We often hear “why do bad things happen to good people”?  I suppose this query has been with humankind since the beginning of the world.  Many people have puzzled over this question and many struggle with it today.

Specifically this is my response to why I, as a religious brother, have been given the disease of alcoholism.

I believe and further know that I was genetically disposed to alcoholism from birth.  The disease is rampant on my mother’s side of the family.  As many as six have died as a result of this disease.  Once I found alcohol and started drinking, it activated my neural system and brain to demand more and more of the substance.  Try as I did for years to cut back, there was, in truth, no cutting back.  Accident after accident eventually took place as well as other devastating events in my life.

Fortunately for me, I was remanded to Guest House by my religious superior under the vow of obedience that I had taken.  That turn in the road has made all the difference in my life.  How so?

With a disease given me – I did not ask for it! – I soon realized that my God expected me to accept it and deal with it.  It has power over me that is beyond me BUT the grace of God is greater.  Indeed this disease was given to me to bring me closer to my God and to allow me to depend upon Him totally.   There is no straying from His love and grace unless I wish early death.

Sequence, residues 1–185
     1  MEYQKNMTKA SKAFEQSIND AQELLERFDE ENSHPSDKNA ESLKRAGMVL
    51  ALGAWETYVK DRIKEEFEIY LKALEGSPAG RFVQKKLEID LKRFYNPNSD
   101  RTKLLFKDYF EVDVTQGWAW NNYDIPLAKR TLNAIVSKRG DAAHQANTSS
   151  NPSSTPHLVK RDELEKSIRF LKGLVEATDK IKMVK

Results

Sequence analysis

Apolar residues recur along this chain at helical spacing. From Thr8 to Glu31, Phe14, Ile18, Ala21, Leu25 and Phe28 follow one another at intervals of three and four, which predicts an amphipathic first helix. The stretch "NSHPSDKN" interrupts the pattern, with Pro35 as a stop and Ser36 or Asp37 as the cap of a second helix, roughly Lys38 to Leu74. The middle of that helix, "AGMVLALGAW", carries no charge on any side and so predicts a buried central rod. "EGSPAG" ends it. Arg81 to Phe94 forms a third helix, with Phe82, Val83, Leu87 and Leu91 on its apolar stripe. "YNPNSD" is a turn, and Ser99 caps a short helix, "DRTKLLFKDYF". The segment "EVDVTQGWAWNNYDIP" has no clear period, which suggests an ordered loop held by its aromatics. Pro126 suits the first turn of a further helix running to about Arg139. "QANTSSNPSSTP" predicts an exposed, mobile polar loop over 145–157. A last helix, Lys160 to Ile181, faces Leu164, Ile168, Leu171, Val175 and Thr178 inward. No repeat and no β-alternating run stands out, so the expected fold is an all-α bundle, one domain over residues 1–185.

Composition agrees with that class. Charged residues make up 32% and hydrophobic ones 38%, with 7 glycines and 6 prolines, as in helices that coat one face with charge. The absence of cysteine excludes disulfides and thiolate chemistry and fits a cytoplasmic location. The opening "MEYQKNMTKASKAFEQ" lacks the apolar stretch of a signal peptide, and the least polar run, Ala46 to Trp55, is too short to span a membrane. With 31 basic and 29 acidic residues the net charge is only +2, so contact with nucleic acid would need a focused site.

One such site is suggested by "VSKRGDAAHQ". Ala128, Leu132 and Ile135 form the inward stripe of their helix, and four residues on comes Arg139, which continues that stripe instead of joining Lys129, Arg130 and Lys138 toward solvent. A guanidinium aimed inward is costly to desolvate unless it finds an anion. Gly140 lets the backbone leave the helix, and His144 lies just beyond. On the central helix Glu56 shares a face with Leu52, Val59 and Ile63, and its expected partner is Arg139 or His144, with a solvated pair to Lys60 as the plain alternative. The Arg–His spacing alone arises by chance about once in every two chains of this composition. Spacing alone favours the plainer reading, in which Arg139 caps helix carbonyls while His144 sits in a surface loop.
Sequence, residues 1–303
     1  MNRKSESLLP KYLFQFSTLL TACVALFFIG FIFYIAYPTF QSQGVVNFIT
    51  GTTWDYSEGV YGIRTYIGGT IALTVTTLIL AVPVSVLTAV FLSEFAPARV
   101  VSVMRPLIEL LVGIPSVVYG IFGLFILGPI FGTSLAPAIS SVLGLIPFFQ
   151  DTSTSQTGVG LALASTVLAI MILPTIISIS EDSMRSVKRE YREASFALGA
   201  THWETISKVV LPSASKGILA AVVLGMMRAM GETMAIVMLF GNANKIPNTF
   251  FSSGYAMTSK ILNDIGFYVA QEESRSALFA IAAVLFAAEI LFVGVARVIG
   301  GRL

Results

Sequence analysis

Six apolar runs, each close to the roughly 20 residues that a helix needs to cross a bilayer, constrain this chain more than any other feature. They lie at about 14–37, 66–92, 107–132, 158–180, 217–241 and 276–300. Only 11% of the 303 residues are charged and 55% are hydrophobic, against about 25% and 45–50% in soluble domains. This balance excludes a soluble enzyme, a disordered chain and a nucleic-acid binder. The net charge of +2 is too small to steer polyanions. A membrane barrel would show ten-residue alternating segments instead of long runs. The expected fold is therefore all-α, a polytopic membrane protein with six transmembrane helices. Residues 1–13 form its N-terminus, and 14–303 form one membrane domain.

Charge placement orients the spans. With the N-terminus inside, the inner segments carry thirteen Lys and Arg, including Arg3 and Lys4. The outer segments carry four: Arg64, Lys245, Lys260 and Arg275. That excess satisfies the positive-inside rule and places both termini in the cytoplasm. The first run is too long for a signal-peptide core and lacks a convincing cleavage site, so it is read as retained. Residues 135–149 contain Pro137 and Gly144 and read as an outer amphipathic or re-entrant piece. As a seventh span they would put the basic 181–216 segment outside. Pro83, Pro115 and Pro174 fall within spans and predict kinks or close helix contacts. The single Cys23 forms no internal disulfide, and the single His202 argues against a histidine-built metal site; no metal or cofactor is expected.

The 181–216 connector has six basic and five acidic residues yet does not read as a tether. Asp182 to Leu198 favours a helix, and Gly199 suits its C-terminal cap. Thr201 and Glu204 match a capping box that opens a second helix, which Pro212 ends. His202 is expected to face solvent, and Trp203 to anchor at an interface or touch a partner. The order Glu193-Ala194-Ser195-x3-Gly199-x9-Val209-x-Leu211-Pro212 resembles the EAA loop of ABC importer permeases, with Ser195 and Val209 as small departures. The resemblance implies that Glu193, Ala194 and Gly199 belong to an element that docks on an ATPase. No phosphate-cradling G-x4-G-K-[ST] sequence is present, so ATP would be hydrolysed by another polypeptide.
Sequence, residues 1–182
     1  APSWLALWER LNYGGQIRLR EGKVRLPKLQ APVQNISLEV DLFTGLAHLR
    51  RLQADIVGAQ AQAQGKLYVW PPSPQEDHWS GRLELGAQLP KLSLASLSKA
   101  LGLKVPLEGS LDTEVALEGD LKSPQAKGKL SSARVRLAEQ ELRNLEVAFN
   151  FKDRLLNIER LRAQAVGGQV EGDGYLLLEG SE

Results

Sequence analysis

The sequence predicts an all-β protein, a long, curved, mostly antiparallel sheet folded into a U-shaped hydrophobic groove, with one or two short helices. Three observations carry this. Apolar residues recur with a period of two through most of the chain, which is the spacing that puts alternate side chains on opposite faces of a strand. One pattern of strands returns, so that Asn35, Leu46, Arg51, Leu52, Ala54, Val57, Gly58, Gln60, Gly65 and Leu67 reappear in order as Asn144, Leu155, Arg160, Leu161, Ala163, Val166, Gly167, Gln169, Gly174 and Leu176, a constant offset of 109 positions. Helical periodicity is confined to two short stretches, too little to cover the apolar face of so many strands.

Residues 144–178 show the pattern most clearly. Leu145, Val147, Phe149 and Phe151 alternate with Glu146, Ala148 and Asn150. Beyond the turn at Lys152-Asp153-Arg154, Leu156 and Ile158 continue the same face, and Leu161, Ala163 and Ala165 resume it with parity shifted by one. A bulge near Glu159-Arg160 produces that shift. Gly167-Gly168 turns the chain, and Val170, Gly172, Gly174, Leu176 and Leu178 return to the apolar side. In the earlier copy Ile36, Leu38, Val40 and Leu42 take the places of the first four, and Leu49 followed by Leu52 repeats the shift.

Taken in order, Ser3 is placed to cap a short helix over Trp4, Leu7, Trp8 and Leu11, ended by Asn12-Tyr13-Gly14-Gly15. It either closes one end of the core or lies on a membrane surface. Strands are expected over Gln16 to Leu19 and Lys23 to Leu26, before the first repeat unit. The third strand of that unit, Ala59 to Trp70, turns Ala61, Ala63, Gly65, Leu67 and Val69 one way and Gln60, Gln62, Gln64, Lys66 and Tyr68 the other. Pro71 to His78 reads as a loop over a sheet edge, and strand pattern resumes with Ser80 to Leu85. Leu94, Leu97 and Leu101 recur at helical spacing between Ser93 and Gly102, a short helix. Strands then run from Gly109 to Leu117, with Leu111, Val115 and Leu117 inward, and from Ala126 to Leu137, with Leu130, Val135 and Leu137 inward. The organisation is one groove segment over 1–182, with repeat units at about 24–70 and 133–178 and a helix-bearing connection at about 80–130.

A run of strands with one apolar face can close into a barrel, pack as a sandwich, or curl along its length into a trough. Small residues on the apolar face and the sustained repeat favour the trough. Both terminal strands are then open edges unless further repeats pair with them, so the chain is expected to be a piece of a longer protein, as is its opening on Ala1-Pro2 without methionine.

Now what do I make of this?  I count it as a blessing not a curse.  God has given me a clear path to follow and to enjoy life and living.  This disease is my means of salvation.  This is as clear to me as day and night.  After all, my friend and savior, Jesus Christ, had his own trials and sufferings to endure.  If ever there was a good man, He was it.  Why should I expect to pass through this life any different than He did?

By extension, priests and religious men and women are, as human beings, subject to the same trials and sufferings as the rest of the world.  When anyone of them is given an addiction to deal with, it has to be handled personally and intimately with God.  Either the addiction is dealt with or it takes over the life of a person and kills.

This is, in a word, the reason for Guest House. Dick Hittle, SJ